In the digital world, changes come fast and furious, making it important to stop every once in a while and contemplate where we came from and where we might be going – and what better time to do so than the start of a new year?
So with that, here are the five mobile usage trends to watch for in 2019 – and beyond.
1 – Devices and applications must be agnostic. Perhaps the biggest rising trend for 2019 is that people now want to use whatever device they have in front of them to accomplish a task and have the same experience translate seamlessly from device to device.
One reason for this is because people don’t think of themselves as having one role. One individual might work a day job as an insurance adjuster, volunteer as the neighborhood association leader, and freelance as a graphic designer on weekends. Whether at a work computer, at home on a personal laptop, on the couch with a tablet, or in line at the grocery with phone in hand, users want to be able to access their data, documents, files and applications from anywhere; accomplish their desired task; and use the device that’s most convenient to do so.
The gig economy also plays a role in making this a trend. Gallup estimates that 36 percent of all workers in the United States participate in the gig economy in some capacity, and as that number grows, it will become more critical to ensure people don’t need to switch out their devices as they switch out whatever hat they’re wearing at the time.
While this largely points to the need for mobile devices to mimic the functionalities of traditional tethered devices like desktop computers – for example, having the ability to print and scan from a mobile phone – it goes both ways; someone sitting at a laptop or desktop also wants to access the photos or documents stored on their phone. Devices and applications must shift to ensure they can meet users wherever they are, providing enough versatility to work for all of an individual’s personas.
2 – Software will be based on the user, not the device. The idea that someone would have to install a particular piece of software on a device to complete a task is going away.
A decade ago, if you wanted to use a word-processing program, you needed to be at the computer where the program was installed. Now, with licensing tied to the user instead of the device, someone can access a program and all of their data from anywhere – a computer in a hotel business center, a friend’s tablet, a coworker’s phone – by logging in to a cloud-based system.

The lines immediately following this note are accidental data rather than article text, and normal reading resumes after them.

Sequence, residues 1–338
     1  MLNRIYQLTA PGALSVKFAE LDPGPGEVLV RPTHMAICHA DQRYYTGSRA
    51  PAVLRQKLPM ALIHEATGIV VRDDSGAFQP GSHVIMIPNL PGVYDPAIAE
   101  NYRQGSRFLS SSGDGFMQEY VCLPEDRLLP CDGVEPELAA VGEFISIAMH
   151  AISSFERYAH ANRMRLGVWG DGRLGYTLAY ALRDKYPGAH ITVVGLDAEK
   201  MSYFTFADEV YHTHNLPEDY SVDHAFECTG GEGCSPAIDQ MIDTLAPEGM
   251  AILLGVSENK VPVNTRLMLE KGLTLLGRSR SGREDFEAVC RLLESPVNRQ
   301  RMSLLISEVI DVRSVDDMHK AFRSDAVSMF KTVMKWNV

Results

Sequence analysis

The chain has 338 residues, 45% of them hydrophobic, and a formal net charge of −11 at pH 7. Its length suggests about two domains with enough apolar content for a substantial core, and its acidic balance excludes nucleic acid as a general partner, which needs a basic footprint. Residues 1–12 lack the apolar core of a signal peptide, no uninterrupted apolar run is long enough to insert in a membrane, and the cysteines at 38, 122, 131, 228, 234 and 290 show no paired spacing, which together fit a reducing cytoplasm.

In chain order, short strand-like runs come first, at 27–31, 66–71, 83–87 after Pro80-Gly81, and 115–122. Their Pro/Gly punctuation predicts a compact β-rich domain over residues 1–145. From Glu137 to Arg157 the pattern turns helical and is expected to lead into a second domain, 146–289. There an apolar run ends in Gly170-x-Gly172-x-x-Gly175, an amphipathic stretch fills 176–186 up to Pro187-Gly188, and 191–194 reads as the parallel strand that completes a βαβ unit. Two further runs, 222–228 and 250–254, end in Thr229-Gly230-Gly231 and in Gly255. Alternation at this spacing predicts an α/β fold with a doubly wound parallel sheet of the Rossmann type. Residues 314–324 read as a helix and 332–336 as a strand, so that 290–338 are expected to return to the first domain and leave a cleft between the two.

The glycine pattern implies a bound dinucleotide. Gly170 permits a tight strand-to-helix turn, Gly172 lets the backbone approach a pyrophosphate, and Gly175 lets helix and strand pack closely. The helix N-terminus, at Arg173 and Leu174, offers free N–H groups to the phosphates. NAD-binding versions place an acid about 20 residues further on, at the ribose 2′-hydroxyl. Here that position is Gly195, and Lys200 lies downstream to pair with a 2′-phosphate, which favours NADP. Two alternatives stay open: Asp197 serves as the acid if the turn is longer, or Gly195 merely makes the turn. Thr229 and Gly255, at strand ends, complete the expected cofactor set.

3 – BYOD is now plural. In the workplace, BYOD is not going away; in fact, it’s becoming increasingly common, and now it’s pluralized – that is, it’s “bring your own devices.” Employees now expect to be able to use any combination of company-issued or personal computers, tablets, smartphones or smartwatches for work activities, and have the same access and functionalities.
This ties into trend No. 1 – a desire for more versatility – and drives the need for trend No. 2 – software licenses tied to a person, not a device. Many companies are solving both of these challenges with increased use of the cloud.
4 – Expectations from the home are permeating the workplace. People bring their expectations from home to the workplace, and become frustrated if a task that’s easy enough to do in their personal lives – accessing email, printing, scanning, etc. – is difficult at work.
Usually there are good reasons for this – for example, enterprises use heightened security measures that people don’t use in their homes to protect the business’s intellectual property– but from the employee’s perspective, those good reasons translate into annoyances and extra steps.
That means it’s up to the enterprise to put measures into place that allow employees to be efficient and productive while using their devices and applications, balancing security with ease of use.
5 – Print and scan remain crucial – and need to be mobile, too. Mobile scan and printing are becoming even more relevant as content moves back and forth between the physical and digital realms.
Photos are a consumer example of this. People used to take photos on a physical camera and get printed copies; now, they take digital photos on a phone, but still crave the physicality of a printed photo to put in a frame on the mantel or hang in a locker or cubicle. Yet at the same time, users also want to be able to take old hard-copy photos and digitize them.
In the workplace, most finalized content now is converted to digital to be stored and archived – yet paper remains an integral part of workers’ transaction-based, temporary processes. You almost never see employees archiving paper documents anymore, but neither do you see them working in real time entirely off digital documents.
Mobile scan and print provide the necessary link between the digital and physical realms, allowing consumers and workplaces to seamlessly move back and forth between the two.
Moving Into the Future
Innovations and new ideas change the way people work and live every year. The ability to go mobile with just about everything means that we can do things that weren’t possible even a few years ago. Mobility is driving the need for greater versatility of devices and products – we now desire a frictionless experience from screen to screen and from application to application.
As these mobile usage trends evolve throughout the year, they will drive further changes in the enterprise, business and consumer behaviors, and advances in design and manufacturing – keeping the wheels of innovation turning and laying the groundwork for future disruption.
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